By far the best mode is Pop because everything here is amplified, in particular, the bass. In this mode, vocals, instrumentals, and high frequencies are balanced and amplified too, but the bass here is clearly the main feature of this mode. When you set this up for the first time, we recommend using this mode on any type of music. Most of our test audio has about 200-300Kbps bitrate.
The “Vocal” mode lowers the intensity of instrumentals and enhances vocals, as the name obviously tells. We use this mode to accurately test the vocals. The results are decent. Each tone of voice can clearly be heard without breaking up. Certainly not concert or studio quality, but clear enough for any audio user.
Super Bass is a mode if you really just wanna hear the bass. This mutes the mid and high frequencies as well as vocals. When we think of a name like “Super Bass”, we’re expecting a more amplified bass but also bringing the mid and high frequencies to a balance. That’s clearly not the case here and the name is yet again a marketing trick by Honor. If only there was a built-in equalizer so users could customize the music the way they want it. Maybe through a future update.
These earbuds thankfully provide a decent call quality with voices that are clear and clean even if these don’t have ANC built-in. However, that comes at a disadvantage. If you’re in a noisy environment, then you may not hear the other party so you have to be in a quiet place to perform calls. The earbuds have a range of 10 meters and will slowly break up if you go any farther.
The Honor Earbuds X3 Lite doesn’t look anything too special, especially when you see it from the outside. It looks generic as if Honor just went over to Alibaba and ordered a number of ODM AirPods to sell for their own brand. However, beyond that generic looks comes the amazing sound quality including a clear and clean voice during calls and an immersive sound if you choose the right mode.
It connects to Bluetooth 5.3 which means instantaneous connections. We also appreciate that these buds can simultaneously connect two devices at once without needing to disconnect the other. We also like how comfortable these things feel to your ear. Their silicone tips aren’t as hard as other brands we’ve tested and so they can be put in your ears for long hours and they won’t be irritatingly itchy.
It’s just disappointing to hear that these earbuds have a pretty high latency despite what the website claims. Also, its dual connectivity mode isn’t 100% reliable either because the earbuds lag and break up when that happens, making this feature virtually useless. Its complementary app, AI Space, doesn’t have a lot to offer either. The lack of a customizable equalizer as well as less versatile touch controls are really inconvenient and makes the earphones less personal. You are only left with presets.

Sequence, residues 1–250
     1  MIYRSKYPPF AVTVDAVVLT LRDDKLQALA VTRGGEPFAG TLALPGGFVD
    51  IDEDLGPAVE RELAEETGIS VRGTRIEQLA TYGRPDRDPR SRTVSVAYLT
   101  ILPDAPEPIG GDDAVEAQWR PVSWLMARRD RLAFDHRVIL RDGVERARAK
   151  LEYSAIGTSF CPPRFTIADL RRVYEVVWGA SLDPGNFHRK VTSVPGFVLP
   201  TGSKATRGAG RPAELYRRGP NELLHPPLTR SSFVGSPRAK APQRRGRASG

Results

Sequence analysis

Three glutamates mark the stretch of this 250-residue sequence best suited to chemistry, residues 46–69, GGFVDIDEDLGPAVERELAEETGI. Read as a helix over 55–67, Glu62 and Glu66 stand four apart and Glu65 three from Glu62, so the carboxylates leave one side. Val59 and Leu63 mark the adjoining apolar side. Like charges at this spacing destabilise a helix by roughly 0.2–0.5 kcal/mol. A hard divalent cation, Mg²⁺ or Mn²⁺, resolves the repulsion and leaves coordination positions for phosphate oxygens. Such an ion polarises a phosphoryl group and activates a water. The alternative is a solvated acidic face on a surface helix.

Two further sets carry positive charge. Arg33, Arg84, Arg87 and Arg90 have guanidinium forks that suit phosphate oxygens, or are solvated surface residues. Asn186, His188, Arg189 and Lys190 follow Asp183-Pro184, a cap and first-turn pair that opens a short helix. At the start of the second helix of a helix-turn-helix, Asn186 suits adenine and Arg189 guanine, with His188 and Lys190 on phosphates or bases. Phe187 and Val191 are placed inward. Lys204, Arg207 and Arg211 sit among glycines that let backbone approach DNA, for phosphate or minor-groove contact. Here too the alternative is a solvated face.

Also, by default, the earbuds have a pretty weak bass but thankfully the “Pop” mode fixes that so we recommend you use that mode to get the full experience.
These earbuds are also IPX4 rated so you could use them while exercising. It doesn’t have noise cancellation despite what Honor claims so you have to be in a quiet environment for you to use these properly during a call.
Overall, a mediocre pair of earbuds which offers clear and clean calls and a decent sound experience when you choose the correct EQ mode.
- Lightweight even when the buds are inside
- Can simultaneously connect to two devices at once
- Clear and concise calls
- Loud volume that does not depreciate the louder you go
- Decent sound quality with strong bass under “Pop” mode
- Comfortable to wear. Silicone tips are soft and can be worn for several hours
- Despite its generic looks, the buds look premium
- Easy to control as it is located on the top lag of each bud.
- The design looks generic. No branding found on the earphones themselves
- Mediocre sound quality with very weak bass and mostly only mid frequencies heard on “Standard” mode.
- AI Space lacks an equalizer. You’re only left with presets
- High latency can cause the sound to break up, especially when gaming.
- Non-flexible touch controls and no way to adjust the volume using the buds
- Dual connectivity is not reliable. You will experience lagging and sound break-ups most of the time.
- No Noise Cancellation, despite what Honor claims
It’s currently not available in the Philippines. However, Honor told us it will be soon with its official price tag to be revealed once that happens. These were given away during the Honor SM Marilao grand opening to lucky winners.